By Lobsang Tenchoe
DHARAMSALA, Oct 11: Imprisoned Uighur economics professor Ilham Tohti who is serving a life sentence in China for advocating ‘separatism’ has been adjudged the winner of 2016 Martin Ennals Award for human rights defenders by a group of leading human rights organizations.
To bring renewed attention on a case that has brought stout international censure, Amnesty International, Human Rights Watch and eight other human rights groups will bestow the award to Tohti at an award ceremony to be held in Geneva, Switzerland on Tuesday evening, reports The Washington Post, Oct 11.
“Tohti has sought reconciliation by bringing to light repressive Chinese policies and Uighur grievances. This is information the Chinese government has sought to keep behind a veil of silence,” the report quoted the rights groups as saying in their statement.
“He remains a voice of moderation and reconciliation in spite of how he has been treated,” it added.
His sentence was condemned by numerous western governments and the European Union. Hundreds of scholars have also petitioned China’s totalitarian communist regime to release him earlier in January.
“The award not only duly recognizes Prof. Ilham Tohti’s courageous work promoting minority rights and dialogues between Hans and Uighurs, it also highlights the Chinese government’s increasingly harsh punishment against its critics. Instead of reacting angrily to the news, the Chinese government should release Ilham Tohti and reverse its repressive policies in Xinjiang,” said Maya Wang, a Hong Kong-based researcher with Human Rights Watch.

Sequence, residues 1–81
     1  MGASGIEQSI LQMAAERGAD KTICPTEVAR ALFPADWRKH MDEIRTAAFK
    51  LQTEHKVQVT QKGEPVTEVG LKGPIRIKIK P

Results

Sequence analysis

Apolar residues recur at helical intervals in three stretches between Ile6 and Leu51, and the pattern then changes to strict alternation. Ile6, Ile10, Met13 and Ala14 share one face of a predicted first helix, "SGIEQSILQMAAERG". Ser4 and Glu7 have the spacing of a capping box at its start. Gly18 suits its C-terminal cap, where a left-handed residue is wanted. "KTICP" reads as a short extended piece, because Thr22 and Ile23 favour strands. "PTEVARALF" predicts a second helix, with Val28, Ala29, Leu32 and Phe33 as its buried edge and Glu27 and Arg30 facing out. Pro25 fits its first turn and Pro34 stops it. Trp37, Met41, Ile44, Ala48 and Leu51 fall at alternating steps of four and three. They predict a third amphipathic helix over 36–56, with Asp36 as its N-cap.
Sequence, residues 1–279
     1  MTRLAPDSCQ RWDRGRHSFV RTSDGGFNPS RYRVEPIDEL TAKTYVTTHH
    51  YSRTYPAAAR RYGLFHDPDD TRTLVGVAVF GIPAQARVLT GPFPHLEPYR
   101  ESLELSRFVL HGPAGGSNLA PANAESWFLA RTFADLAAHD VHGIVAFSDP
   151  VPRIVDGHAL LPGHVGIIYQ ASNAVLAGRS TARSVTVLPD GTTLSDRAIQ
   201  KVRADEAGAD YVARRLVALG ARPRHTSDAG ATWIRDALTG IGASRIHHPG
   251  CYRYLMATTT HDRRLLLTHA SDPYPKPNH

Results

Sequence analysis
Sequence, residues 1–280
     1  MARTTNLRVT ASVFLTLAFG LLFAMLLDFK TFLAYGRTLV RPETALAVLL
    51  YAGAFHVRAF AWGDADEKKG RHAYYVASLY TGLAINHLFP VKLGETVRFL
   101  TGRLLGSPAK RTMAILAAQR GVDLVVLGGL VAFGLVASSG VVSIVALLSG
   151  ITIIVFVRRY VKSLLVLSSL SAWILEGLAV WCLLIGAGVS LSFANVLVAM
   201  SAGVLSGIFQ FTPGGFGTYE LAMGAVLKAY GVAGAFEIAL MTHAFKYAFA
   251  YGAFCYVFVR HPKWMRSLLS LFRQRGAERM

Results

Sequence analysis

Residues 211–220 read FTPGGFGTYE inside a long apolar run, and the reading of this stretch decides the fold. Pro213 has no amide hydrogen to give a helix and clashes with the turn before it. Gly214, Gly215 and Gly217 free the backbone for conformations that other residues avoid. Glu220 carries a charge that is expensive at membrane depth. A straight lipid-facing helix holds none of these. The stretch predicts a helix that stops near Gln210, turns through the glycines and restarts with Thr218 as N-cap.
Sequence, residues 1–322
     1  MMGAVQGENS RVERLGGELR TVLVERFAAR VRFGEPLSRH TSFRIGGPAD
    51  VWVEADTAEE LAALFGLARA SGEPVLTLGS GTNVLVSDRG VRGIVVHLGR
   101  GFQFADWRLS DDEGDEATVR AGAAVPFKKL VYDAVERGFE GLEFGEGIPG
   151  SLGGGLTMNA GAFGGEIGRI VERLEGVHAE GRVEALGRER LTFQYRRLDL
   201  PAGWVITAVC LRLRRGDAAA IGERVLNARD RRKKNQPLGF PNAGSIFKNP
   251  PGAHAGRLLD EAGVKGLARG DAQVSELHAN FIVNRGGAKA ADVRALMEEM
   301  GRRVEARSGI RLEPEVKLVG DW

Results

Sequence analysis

Tohti, a member of the Turkic Muslim Uighur ethnic group, was given a life sentence following a hushed up two-day trial on charges of separatism in September 2014.
The professor took to the internet and ran a site, Uyghurbiz.net to promote discussion about the economic, social and developmental issues faced by Uighurs.
The communist regime, in a bid to strengthen their case against Tohti, also arrested seven of his students. They were accused of forming a group to split Xinjiang from China.